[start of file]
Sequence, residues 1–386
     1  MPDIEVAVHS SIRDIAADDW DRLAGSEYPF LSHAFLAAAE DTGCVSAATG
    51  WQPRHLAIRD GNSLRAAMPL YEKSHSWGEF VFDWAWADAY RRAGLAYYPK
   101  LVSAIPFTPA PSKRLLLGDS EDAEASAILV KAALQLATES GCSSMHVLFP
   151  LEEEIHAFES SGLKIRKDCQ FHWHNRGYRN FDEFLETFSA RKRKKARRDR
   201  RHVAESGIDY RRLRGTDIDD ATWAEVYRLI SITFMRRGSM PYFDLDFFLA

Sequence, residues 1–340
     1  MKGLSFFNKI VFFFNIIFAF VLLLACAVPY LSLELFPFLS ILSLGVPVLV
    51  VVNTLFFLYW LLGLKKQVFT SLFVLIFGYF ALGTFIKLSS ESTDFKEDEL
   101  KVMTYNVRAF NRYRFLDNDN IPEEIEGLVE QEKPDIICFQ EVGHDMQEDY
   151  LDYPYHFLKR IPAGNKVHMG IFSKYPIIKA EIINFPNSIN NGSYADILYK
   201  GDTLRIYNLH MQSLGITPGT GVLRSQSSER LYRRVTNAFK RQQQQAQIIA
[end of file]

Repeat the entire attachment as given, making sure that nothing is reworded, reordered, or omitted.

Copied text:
Sequence, residues 1–386
     1  MPDIEVAVHS SIRDIAADDW DRLAGSEYPF LSHAFLAAAE DTGCVSAATG
    51  WQPRHLAIRD GNSLRAAMPL YEKSHSWGEF VFDWAWADAY RRAGLAYYPK
   101  LVSAIPFTPA PSKRLLLGDS EDAEASAILV KAALQLATES GCSSMHVLFP
   151  LEEEIHAFES SGLKIRKDCQ FHWHNRGYRN FDEFLETFSA RKRKKARRDR
   201  RHVAESGIDY RRLRGTDIDD ATWAEVYRLI SITFMRRGSM PYFDLDFFLA

Sequence, residues 1–340
     1  MKGLSFFNKI VFFFNIIFAF VLLLACAVPY LSLELFPFLS ILSLGVPVLV
    51  VVNTLFFLYW LLGLKKQVFT SLFVLIFGYF ALGTFIKLSS ESTDFKEDEL
   101  KVMTYNVRAF NRYRFLDNDN IPEEIEGLVE QEKPDIICFQ EVGHDMQEDY
   151  LDYPYHFLKR IPAGNKVHMG IFSKYPIIKA EIINFPNSIN NGSYADILYK
   201  GDTLRIYNLH MQSLGITPGT GVLRSQSSER LYRRVTNAFK RQQQQAQIIA